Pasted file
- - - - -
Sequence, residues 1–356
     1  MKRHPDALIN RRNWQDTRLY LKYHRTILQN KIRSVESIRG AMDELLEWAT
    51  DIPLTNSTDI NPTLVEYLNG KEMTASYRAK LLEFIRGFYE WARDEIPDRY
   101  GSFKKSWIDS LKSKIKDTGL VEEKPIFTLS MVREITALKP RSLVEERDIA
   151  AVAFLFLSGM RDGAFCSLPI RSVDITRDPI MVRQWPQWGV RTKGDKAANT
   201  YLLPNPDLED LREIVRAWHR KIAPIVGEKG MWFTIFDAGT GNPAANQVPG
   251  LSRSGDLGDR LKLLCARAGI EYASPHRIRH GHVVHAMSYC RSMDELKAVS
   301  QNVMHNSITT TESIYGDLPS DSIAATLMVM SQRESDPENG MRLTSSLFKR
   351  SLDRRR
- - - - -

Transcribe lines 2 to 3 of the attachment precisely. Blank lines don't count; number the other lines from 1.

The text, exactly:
     1  MKRHPDALIN RRNWQDTRLY LKYHRTILQN KIRSVESIRG AMDELLEWAT
    51  DIPLTNSTDI NPTLVEYLNG KEMTASYRAK LLEFIRGFYE WARDEIPDRY